Being suspended over a hundred feet in the air by a pair of steel cables that you are racing down at around 45mph may seem an odd way to spend a Saturday, but it was great fun. My wife, some friends and I headed up to Seven Springs to take their new canopy zip line tour and it was a blast. The 2 guides that accompanied us (and kept us clipped in so we didn’t plummet through the trees) were awesome and also hilarious.
The past few weeks have been crazy. There was a week spent at the beach for vacation, followed immediately with a 5 day business trip and within hours of being at home from that, a camping trip to finish off the weekend. Needless to say, updating the site has been a low priority. Here are a few shots for now though.
Early this morning I grabbed the camera gear and made the drive over to Ohiopyle state park for another of my half day hikes. I was packing the E-M5 with a 12-50mm, 45-200m, 14mm, 20mm and 45mm. For some extra light I brought along my newly acquired FL-300R and to block light I had an ND filter and a circular polarizer. All of this went into the Domke F-5XB. My Benro Travel Angel tripod went into it’s own bag slung over my shoulder. Why am I telling you all about the gear I packed you ask? Simply because I only used a single lens, the 12-50mm kit zoom. Put the pitchforks away, I wanted to put it through its paces and see what it was capable of. The primes were for backup and the long telephoto was in case I saw some animals. I learned a bit about this setup and definitely will make some changes next time I head out. For now though, here are some pictures!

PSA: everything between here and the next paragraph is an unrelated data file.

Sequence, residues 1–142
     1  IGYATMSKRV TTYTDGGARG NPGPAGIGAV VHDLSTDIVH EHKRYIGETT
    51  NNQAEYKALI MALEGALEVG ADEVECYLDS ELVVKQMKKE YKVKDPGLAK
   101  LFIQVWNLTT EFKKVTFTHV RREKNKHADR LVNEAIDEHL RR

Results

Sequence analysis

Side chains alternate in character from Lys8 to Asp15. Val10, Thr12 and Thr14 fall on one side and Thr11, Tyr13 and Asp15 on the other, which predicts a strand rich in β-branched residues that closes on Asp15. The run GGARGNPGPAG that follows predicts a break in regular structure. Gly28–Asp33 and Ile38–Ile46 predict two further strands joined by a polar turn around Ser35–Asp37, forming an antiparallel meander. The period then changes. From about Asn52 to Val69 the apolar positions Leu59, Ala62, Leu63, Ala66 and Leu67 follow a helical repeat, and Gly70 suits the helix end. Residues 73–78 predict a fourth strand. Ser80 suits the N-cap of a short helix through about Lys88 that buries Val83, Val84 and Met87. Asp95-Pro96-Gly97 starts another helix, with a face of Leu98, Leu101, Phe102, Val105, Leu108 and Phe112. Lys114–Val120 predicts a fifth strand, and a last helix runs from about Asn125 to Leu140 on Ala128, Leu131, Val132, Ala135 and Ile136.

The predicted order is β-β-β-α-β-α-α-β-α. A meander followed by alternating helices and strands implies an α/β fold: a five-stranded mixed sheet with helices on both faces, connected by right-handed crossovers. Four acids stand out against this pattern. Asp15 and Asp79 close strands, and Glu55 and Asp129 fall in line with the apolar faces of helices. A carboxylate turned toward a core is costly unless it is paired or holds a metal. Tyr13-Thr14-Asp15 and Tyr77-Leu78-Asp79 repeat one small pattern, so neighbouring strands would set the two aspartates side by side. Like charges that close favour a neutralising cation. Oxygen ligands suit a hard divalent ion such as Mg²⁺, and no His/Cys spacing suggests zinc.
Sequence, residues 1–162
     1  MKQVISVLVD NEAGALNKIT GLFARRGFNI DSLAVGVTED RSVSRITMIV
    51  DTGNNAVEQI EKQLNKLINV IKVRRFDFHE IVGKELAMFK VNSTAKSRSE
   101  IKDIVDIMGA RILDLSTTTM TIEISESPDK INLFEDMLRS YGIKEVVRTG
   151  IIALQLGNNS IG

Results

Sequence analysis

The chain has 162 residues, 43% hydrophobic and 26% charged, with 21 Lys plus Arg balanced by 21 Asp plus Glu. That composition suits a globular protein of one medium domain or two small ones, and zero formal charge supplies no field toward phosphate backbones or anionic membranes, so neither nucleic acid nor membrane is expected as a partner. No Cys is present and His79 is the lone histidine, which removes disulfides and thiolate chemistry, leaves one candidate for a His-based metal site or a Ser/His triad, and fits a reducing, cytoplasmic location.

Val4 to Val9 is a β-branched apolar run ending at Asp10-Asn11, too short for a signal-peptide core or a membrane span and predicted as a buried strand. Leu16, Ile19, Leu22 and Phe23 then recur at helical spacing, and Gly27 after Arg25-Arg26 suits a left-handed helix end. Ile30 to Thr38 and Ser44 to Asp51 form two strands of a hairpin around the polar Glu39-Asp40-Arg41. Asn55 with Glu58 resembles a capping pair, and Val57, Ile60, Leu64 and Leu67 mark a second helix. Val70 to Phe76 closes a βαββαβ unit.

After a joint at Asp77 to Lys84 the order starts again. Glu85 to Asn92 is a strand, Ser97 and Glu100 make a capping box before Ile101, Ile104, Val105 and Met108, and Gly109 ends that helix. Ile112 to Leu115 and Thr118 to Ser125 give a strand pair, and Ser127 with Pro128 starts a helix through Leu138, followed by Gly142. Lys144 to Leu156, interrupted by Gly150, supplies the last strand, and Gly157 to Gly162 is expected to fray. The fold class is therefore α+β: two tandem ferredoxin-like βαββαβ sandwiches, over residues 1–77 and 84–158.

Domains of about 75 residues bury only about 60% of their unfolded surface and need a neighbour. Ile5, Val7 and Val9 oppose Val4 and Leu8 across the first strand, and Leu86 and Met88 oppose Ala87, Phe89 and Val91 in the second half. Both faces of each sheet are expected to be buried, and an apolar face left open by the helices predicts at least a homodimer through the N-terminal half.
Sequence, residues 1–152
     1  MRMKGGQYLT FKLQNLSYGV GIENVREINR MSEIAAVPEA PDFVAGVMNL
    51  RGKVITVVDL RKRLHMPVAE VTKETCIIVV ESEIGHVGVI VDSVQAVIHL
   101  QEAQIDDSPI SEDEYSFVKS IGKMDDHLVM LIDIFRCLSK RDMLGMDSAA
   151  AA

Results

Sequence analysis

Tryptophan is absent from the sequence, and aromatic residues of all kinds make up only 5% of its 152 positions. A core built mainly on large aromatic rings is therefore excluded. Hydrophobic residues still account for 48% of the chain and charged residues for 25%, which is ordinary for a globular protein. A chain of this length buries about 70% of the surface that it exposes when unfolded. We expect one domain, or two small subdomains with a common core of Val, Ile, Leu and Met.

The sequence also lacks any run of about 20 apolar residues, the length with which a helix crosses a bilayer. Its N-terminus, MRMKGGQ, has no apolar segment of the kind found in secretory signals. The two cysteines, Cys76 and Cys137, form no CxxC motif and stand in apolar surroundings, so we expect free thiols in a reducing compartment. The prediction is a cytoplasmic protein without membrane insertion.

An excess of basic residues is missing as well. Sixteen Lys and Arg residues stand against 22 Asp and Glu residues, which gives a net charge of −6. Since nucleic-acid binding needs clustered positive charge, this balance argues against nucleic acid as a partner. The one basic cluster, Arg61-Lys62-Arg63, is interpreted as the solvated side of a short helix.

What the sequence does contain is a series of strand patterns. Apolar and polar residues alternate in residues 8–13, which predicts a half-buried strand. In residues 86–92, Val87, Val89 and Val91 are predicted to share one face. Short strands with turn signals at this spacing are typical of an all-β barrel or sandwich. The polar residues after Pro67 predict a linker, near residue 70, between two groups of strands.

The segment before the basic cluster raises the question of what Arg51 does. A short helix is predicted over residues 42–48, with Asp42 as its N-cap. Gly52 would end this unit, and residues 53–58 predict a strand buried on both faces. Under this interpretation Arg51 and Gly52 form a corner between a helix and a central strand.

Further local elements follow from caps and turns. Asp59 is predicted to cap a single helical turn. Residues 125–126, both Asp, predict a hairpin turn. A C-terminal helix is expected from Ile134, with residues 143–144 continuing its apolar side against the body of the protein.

Way back in digital camera history (circa late 2008), if you wanted to have an interchangeable lens camera system that produced great image quality, your only choice was a large DSLR system by Canon, Nikon or other companies. Enter the Micro 4/3’s system. This was a system built from the ground up using a smaller sensor than DLSR’s and also eliminating the mirror box and pentaprism as well. This results in a system that is markedly smaller than traditional DSLR’s. I quickly bought into the system and hoped it would be everything I had in a big DSLR in a small compact package. My first foray into m4/3 was with the Panasonic GF1. While it was a great little camera, it just didn’t quite produce the image quality I was hoping for. So I sold all the gear and kept using my Nikon D700. Panasonic iterated numerous models over the next few years and another one caught my eye, the G3. This had an all new 16MP sensor and the performance seemed to finally catch up to a DSLR. I bought back into the system and soon my D700 was sitting on the shelf more and more. While the G3 wasn’t perfect, it was good enough at the time and let me carry a small camera that I felt did not compromise on quality. So I sold all of my Nikon gear and never looked back. The G3 could never compete with a DSLR in terms of controls and speed of use, but I knew that eventually, a m4/3 camera would be released that would satisfy those criteria.